Snapbridge set to unveil XML data federation tool

Snapbridge Software, an XML technology start-up based in San Diego, is set to unveil a drag-and-drop tool for XML and non-XML data federation at the XML Conference and Exposition in Philadelphia next week.

Noting that the Philadelphia conference, co-hosted by the W3C, OASIS and other standards groups, is historically important because it is where the original XML specification was first presented, Benjamin Chen, Snapbridge chairman and CTO, said it was an ideal venue to bring out his company's developer toolkit. It is where he hopes his technology will reach an audience of programmers dedicated to the application of XML technology.

The toolkit is designed to help developers who may not know XML syntax backwards and forwards, and to provide a productivity boost for even the most expert programmer, Chen said.

As he explained to XML Report, ''Traditional tools in the marketplace today require you to know the syntax for using XSL in a very literal fashion. They make things more cumbersome than they have to be.''

The toolkit employs Snapbridge FDX, a patent-pending data federation technology announced this past summer for making transformations that bring XML and non-XML data into the same applications.

''What we've done is focused on one of the core areas of use for XSL and that is on the HTML side,'' Chen said. ''If you are going to be generating HTML as a part of your output, we don't constrain the developer to have to know all the literal syntax for XSL. You will be given a drag-and-drop environment. You can take something like a form from Microsoft FrontPage, put it into one pane and then you can take data sources -- you might have XML data to map into that pane -- and multiple sources of XML.''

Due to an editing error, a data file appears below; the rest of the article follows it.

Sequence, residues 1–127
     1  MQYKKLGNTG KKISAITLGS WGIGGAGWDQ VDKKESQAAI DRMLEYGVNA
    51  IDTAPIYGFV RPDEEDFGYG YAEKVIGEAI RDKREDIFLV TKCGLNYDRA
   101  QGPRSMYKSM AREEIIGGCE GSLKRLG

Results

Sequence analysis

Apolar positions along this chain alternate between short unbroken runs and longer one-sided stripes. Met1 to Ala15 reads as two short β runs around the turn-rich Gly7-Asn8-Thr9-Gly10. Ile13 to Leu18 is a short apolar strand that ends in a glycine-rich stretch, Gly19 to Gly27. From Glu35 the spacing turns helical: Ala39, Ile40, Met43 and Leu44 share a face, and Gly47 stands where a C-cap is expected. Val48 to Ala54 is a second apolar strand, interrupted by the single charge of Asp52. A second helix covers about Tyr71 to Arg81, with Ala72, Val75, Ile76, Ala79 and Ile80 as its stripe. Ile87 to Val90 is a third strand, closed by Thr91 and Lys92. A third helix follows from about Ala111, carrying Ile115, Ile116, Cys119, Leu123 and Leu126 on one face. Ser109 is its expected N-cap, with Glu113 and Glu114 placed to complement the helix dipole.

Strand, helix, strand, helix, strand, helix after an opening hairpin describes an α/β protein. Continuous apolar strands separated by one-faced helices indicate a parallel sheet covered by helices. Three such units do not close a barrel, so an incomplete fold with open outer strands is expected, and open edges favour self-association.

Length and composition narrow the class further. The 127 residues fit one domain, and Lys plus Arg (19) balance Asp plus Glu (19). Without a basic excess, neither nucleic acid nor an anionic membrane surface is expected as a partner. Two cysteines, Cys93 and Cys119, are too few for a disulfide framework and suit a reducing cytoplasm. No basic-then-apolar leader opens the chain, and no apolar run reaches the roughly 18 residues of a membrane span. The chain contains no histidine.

Beyond XML, Chen said, the toolkit makes it possible to also federate non-XML data and information from Web services.

''You can drag-and-drop from relational databases,'' he explained. ''You'll be able to grab those tables and automatically map them. You'll be able to go out and grab Web services. You can grab WSDLs and map in information from those and federate that content. You'll be able to do that with log files, flat files. This is stuff that has traditionally been very tedious and time-consuming. This will streamline the process for producing XSL.''

After it is unveiled at the XML conference in Philadelphia next week, Chen said the toolkit will be available for download from

About the Author

Rich Seeley is Web Editor for Campus Technology.


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